Would, could, should. Too many assumptions, not enough hard facts? Maybe. From GM and VW, one cannot expect anything but soft denials. The Chinese play their cards even closer to their chest, and Berlin is of course equally unwilling to put its underlying concerns into words. But even by reading between the lines it soon becomes clear that something major is about to happen in the German-American auto landscape. No, we don't know yet exactly where lightning will strike and when. But it seems obvious that after a short consolidation phase, Opel is again facing a period of uncertainty and a possible change of ownership.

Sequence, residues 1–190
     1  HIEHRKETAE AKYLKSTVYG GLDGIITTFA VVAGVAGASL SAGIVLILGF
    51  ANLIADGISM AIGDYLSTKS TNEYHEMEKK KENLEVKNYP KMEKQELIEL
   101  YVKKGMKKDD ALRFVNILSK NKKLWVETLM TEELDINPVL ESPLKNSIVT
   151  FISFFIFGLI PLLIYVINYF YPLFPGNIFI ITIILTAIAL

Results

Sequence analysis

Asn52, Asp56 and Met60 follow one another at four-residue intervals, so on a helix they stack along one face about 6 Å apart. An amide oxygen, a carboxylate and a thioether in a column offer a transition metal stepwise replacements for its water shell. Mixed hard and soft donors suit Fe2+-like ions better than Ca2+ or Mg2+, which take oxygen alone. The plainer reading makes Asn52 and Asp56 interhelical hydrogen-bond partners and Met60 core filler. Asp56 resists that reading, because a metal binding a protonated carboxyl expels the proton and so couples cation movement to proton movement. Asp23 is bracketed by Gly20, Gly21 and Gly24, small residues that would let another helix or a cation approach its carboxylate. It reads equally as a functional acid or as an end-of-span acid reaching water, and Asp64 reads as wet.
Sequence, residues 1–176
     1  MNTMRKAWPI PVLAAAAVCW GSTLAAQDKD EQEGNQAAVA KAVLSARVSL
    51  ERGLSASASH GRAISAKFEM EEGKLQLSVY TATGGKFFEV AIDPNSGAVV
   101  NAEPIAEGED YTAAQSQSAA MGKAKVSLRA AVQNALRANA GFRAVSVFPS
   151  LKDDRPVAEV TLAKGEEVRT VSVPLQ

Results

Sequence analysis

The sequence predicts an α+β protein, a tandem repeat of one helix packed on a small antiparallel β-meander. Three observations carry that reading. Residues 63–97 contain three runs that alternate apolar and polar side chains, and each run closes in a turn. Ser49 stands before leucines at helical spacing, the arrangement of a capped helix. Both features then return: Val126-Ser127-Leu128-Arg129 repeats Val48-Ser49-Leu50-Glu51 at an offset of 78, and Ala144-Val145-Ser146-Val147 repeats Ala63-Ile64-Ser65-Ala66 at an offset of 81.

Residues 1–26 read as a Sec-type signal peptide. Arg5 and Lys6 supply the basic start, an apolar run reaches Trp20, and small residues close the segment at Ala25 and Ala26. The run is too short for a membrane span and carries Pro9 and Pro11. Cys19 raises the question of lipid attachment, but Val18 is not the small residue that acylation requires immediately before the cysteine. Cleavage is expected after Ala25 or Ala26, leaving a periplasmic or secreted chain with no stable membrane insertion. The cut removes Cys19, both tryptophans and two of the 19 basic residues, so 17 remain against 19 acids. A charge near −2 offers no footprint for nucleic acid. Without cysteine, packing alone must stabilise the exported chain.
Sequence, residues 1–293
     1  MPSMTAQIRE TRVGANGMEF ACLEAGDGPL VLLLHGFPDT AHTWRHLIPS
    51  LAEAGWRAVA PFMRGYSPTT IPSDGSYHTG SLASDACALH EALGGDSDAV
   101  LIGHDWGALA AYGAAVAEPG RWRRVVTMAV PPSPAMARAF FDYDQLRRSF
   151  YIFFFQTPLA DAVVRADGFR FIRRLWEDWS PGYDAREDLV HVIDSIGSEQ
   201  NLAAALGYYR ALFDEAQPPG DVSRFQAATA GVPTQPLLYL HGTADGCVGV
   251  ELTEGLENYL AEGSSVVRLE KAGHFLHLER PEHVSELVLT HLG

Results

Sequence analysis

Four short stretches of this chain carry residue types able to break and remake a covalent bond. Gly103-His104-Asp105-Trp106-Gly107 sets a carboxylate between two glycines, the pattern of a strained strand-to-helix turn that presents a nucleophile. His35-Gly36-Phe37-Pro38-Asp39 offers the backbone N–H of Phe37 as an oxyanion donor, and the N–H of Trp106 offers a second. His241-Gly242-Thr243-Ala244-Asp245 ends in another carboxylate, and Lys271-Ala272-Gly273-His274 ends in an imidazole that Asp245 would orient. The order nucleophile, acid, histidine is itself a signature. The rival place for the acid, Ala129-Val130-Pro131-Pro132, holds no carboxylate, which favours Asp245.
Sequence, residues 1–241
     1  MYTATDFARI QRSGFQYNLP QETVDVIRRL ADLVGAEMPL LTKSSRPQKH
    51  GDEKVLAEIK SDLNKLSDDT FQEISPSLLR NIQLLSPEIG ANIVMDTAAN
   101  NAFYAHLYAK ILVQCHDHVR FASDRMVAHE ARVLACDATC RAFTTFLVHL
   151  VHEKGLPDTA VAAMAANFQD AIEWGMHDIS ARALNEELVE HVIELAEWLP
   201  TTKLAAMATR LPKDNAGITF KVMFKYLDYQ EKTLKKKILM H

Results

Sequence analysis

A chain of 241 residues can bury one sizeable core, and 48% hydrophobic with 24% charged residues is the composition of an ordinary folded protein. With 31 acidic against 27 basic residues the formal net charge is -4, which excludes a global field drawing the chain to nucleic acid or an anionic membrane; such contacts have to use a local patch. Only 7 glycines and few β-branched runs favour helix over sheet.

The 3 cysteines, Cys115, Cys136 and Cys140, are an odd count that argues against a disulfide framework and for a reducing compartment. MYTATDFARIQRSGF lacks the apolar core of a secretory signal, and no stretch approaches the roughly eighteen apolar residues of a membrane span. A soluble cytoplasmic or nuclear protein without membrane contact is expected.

And who is to blame for this development but GM? You see, the string-pullers in Detroit lack patience, loyalty, and vision. They forbade Opel for much too long to sell cars in booming markets like China and South-America -- VW has in China alone cracked the 500,000 barrier, but Opel's combined exports to non-European Union countries hover at 50,000 units. Think Saturn, Pontiac, Hummer, Saab. Think 23,000 layoffs in 2009 alone. Think of that $50 billion in government aid and of the creditors left in its wake. It is hard to believe that the New Detroit will be any more thoughtful and conscientious when it comes to protecting its ten European plants and their 40,000 employees.